From Captivity to Wanting to Fit In

On the third of February 2017, I experienced for the first time, what they call here First Friday. Apparently, it’s a night rich with culture and arts and great people to share these things with. To my luck, I live above my friend’s shop that is within the blocks that get closed down for First Fridays. This meant that I could watch from my window before I decided to go downstairs to enjoy it.

There was a group of people that had hula-hoops, sticks, and chains that were on fire. But these people were dancing with fire, they were really connected to this fire. My roommate told me they call it the dance of hell—and reasonably so! Though the others didn’t seem to enjoy it as much. They probably didn’t appreciate the danger of it since it was filled with people of all ages.

I decided that it was safe to go outside after a while that I saw everyone getting along well. As I walked out, there was a couple guys in hoodies that were spray painting on plywood. They had very minimal lighting on their pieces but even then they had an audience.

“We should ask them if they know anything about the people that have been spray painting our shop!” my roommate exclaimed as she started walking in their direction. I had forgotten about the shop getting marked up but we were both pretty upset because, why us? My roommate first talked about their art. They seemed like pretty interesting and harmless young men.

“Why would I know about who is tagging up your spot?” one of them responded once my roommate finally asked him, “I know as much as you do, and I don’t even know where your shop is,” he said with frustration. My roommate pointed out where the shop was, which was just a  couple meters away from us.

“Oh,” he said as his shoulders dropped. “I don’t know who did it, but I do know that they probably did it because they’re upset—that used to be soul food place where the cook was like everybody’s grandma—matter fact we’re all pretty upset that it was replaced with yall’s vegan shit—like who the fuck is vegan?” He made a face of disgust while he shrugged again with his hands out. I was offended by his tone and tired of that damn question. Since I wasn’t part of this conversation, I decided to step away while my roommate responded to him, in a calm but argumentative tone—which we knew where it was headed.

As I was walking towards the shop, kids were running around with swords that lit up in multiple colors. They got closer to me and I jumped away but I stepped on a beer bottle and ended up on my ass. The kids stopped, and laughed, as did some people around them. I couldn’t understand why they were being so rude and disrespectful. They laughed hard as if they were really enjoying themselves over my misery.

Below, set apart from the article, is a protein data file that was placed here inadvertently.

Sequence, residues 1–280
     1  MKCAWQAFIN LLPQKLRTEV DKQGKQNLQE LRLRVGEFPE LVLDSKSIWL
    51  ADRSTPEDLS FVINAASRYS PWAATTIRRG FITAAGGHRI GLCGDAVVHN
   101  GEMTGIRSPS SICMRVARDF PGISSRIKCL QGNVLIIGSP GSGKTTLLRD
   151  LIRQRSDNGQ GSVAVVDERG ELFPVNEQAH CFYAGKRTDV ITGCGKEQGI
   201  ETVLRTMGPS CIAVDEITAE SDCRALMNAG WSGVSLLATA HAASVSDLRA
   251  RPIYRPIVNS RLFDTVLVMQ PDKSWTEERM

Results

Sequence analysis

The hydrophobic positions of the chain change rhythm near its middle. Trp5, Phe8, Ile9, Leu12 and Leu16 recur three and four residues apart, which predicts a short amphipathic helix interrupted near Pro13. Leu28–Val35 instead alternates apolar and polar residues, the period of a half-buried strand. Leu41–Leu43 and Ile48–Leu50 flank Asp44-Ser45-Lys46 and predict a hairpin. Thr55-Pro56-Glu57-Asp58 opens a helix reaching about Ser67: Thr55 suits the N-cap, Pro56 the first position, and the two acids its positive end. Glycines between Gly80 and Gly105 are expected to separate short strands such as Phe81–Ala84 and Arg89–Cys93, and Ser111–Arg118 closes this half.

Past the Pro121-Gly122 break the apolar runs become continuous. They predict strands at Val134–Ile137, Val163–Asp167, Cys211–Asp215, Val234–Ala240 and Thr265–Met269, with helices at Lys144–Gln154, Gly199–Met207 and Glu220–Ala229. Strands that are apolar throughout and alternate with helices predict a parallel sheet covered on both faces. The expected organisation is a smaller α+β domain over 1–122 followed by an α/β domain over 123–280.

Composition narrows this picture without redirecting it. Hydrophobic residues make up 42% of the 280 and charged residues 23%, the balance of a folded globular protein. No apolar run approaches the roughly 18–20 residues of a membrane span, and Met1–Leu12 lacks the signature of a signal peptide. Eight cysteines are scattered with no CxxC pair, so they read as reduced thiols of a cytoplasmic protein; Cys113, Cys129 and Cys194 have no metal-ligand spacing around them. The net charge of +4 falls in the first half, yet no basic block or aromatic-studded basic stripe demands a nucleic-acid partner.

My roommate realized I had fallen and went to help me up. Without a word, we both just rushed to the shop to get away from them. We slammed our door hard as we closed it and everyone went silent.

 

 

 

Notes from the Author:

This piece is supposed to be a remake of Mary Rowlandson’s History of Captivity that addressed the gentrification going on in Oakland at the moment. The shop replacement is the stealing of lands in this piece and their oblivion to their mistakes—well that’s pretty self-explanatory. I was sure to have them describe different races differently too, like the fire hula-hoopers are white, while the artists are of some other race, either Latino or Black, whichever you imagined first. Mary calls the natives savages pretty often, but in today’s society, microagression is the way we do things. The need to mention the hoodie, the expectation that they’d know who tagged their place and lastly and completely ignoring the fact that the artists had told them they took away a very loved place are reflections of their prejudice towards POC.

The shop getting tagged was supposed to resemble Rowlandson’s attack at the beginning of her story. Though hers was gruesome, I was not about to make Oaklander’s kill white people for the sake of my story—there’s enough news out there talking about the violence in Oakland. However, having your business tagged, is still pretty frustrating and disrespectful to some.

The falling at the end is supposed to reflect Mary’s incident falling off the horse and getting laughed at. She felt insulted by their laughter, becoming a real victim of their doings. As the character in this story is also feeling personally attacked by their laughter—but everyone laughs at people falling unless they’re seriously injured because of the fall, which wasn’t the case in either of these stories (yes, Rowlandson was already hurt, but she wasn’t hurt because of the fall, so it’s still cool to laugh).

All in all, I wanted to bring attention the gentrification that is going on in Oakland because it’s frustrating to see the new comers give us funny looks in our own home.

 

-Luz Palacios

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